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2020 NHL Draft prospect profile: Roby Järventie is an enigmatic youngster with scoring prowess

The big Finnish winger exploded out of the gate in his first year of senior hockey.

Did I hear someone say the Montreal Canadiens need more size up front? Well, here you have it: a young, tall winger with a knack for finding the net. You could certainly do worse with a second-round pick, right? Well, let’s not be too hasty here. There are reasons to dive deeper and evaluate whether Roby Järventie is truly worth the hype.

Birthplace: Tampere, Finland
Date of birth: August 8, 2002
Shoots: Left
Position: Left-Winger
Height: 6’2”
Weight: 185 lbs.
Team: Ilves (Liiga)

A Tampere native, just like Kasper Simontaival, Järventie grew up playing for Tappara’s rival, Ilves. As you can see from his numbers below, he has always had a knack for finding the net. At age 15, he dominated the under-16 league and scored just below a goal per game with the U18s.

Elite Prospects

As a 16-year-old, he had already outgrown the U18 team and moved on up to the U20 team, where he continued to produce points. He had a much harder time making his presence known on the international stages. His plus-minus column from this year also demonstrates possible deficiencies in his defensive game.

Last year, he was loaned to KOOVEE in the Finnish second tier to gain valuable senior team experience. KOOVEE is yet another team from Tampere, meaning that Ilves could evaluate him from close range. Järventie quickly settled in with a 23-goal season, much thanks to his shot, which is by far his biggest asset. It is both quick and accurate when fired, and young Roby certainly knows how to use it to his advantage.

On paper everything looks great. He is one of the youngest prospects in the draft and has already gained experience by playing in a top-six role against men. Twenty-three goals in 36 games would no doubt be an impressive feat for any winger, let alone a 17-year-old rookie. However, there are several signs pointing against him being able to develop much further at the senior level.

Almost everything besides his sniping shot is a work in progress. He may be tall, but he isn’t particularly strong. He has physical tools, but doesn’t know how to use them. He’s a reasonably fast skater, at least against lower-level competition, but then he doesn’t possess great skating technique. He may have enough offensive intelligence to expose holes in opponents’ defences, but severely lacks defensive awareness himself. He finds the open ice near the opposing goal, but is a liability in his own zone. Is he at least a great playmaker then? Not at this moment, but he has shown flashes of playmaking skill throughout his young career.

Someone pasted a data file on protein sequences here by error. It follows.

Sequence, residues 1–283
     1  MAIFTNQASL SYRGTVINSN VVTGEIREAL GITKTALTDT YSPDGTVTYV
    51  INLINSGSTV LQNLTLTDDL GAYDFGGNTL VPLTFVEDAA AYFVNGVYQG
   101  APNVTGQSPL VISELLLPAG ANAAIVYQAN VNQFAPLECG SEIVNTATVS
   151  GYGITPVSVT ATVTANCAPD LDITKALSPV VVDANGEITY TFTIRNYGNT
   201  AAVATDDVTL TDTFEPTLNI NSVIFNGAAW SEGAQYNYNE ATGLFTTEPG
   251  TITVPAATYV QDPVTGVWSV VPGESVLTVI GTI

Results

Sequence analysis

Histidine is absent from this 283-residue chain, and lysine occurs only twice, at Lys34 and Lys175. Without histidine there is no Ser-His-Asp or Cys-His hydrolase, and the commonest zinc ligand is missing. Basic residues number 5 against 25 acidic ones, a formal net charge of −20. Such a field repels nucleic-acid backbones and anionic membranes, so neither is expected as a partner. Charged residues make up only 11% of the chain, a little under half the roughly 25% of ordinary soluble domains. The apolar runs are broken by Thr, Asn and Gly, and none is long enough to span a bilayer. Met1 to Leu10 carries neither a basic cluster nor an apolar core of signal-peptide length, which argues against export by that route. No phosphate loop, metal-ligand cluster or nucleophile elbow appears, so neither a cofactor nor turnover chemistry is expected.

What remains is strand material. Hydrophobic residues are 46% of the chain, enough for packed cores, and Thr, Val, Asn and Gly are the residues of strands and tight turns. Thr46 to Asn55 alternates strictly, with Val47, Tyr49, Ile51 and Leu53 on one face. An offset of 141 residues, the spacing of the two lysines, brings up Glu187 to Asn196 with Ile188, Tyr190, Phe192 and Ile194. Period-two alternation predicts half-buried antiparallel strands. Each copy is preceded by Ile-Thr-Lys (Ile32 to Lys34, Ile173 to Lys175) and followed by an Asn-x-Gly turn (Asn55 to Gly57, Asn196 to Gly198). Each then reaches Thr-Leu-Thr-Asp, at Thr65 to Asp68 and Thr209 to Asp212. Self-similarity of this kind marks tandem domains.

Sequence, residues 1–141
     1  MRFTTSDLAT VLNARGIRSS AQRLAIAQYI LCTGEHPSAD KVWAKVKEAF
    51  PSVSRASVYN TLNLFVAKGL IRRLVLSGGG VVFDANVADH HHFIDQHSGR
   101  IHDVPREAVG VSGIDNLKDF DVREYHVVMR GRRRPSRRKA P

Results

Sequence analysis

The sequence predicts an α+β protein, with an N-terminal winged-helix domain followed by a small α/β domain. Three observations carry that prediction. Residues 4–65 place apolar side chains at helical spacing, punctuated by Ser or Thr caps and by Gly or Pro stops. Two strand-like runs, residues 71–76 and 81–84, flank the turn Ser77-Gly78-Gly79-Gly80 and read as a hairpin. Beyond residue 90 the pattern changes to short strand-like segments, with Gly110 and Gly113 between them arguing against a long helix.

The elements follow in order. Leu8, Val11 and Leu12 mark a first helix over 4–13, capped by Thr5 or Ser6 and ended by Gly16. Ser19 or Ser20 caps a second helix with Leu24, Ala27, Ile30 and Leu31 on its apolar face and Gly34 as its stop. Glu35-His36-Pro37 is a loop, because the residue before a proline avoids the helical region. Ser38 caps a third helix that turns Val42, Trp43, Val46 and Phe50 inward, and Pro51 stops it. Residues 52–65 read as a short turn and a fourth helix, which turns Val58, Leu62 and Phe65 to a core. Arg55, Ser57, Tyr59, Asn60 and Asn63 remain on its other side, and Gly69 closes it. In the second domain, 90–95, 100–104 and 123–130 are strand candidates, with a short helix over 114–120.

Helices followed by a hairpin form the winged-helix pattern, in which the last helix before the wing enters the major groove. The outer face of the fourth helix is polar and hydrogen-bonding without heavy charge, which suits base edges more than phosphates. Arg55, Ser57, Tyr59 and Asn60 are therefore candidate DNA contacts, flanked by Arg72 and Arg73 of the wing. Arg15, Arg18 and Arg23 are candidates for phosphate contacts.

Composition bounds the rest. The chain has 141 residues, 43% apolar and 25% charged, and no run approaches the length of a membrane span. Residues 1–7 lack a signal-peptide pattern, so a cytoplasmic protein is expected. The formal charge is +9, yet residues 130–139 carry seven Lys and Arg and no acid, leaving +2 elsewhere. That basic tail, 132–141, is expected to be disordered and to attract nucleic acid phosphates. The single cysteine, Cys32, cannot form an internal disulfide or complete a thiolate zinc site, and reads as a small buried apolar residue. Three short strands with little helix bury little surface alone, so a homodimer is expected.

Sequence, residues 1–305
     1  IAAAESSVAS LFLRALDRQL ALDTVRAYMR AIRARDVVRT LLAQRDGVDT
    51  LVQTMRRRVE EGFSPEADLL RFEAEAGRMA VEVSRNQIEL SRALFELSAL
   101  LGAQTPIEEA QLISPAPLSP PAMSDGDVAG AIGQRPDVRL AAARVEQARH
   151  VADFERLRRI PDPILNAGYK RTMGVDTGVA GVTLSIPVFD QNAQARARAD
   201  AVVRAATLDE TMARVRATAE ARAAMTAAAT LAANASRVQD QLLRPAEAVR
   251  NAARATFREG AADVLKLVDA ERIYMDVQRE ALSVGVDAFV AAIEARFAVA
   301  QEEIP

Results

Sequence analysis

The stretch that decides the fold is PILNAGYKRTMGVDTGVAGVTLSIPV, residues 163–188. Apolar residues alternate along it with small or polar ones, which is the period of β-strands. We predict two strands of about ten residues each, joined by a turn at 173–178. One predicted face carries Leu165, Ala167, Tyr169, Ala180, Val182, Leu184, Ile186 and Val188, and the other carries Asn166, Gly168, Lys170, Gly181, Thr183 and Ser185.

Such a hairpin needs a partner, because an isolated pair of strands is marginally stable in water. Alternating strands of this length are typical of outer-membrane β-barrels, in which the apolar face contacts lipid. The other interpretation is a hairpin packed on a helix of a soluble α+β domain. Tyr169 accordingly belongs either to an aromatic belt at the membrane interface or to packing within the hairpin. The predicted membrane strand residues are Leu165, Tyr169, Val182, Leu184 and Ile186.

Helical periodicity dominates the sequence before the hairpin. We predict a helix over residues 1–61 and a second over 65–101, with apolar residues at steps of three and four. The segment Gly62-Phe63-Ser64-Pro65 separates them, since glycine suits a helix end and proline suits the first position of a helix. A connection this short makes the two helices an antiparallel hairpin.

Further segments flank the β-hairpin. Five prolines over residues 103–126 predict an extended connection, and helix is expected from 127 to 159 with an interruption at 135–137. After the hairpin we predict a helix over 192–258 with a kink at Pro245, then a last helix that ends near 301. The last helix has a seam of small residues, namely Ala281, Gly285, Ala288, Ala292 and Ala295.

Lassi Alanen

Lassi Alanen’s Tableau chart demonstrates the difference between Järventie and a prospect like Simontaival. While Simontaival produced an impressively complete offense in the U20 Liiga, Järventie embraced his role of sniper in Mestis.

If he plays a full-time role in Liiga this upcoming season, it will likely be in a smaller role than he had in KOOVEE. This means that he will need to up his defensive game and strength to continue to be an asset for his team. In Liiga, he will be exposed if he continues to just be a one-trick-pony.


Elite Prospects: #44
Future Considerations: #65
Hockey Prospect: #74
McKeen’s Hockey: #61
McKenzie/TSN: #52
NHL Central Scouting: #18 (European skaters)
Scott Wheeler (The Athletic): #57

With this review of Järventie’s skill set, I am sure that many expect me to be completely against Montreal drafting him, but you would be wrong. Much like late Oakland Raiders owner Al Davis, I have a thing for shiny new toys with obvious flaws but potentially huge upside if a few stars align properly. Järventie is that kind of guy. He has the tools to become a great scoring threat in the NHL. What he needs is help along the way. If he gets the right tutoring and ends up in an organization that understands what he is and recognizes how to make him take the next step in the next few years, things could quickly turn from ‘okay’ to ‘good,’ and from ‘good’ to ‘great.’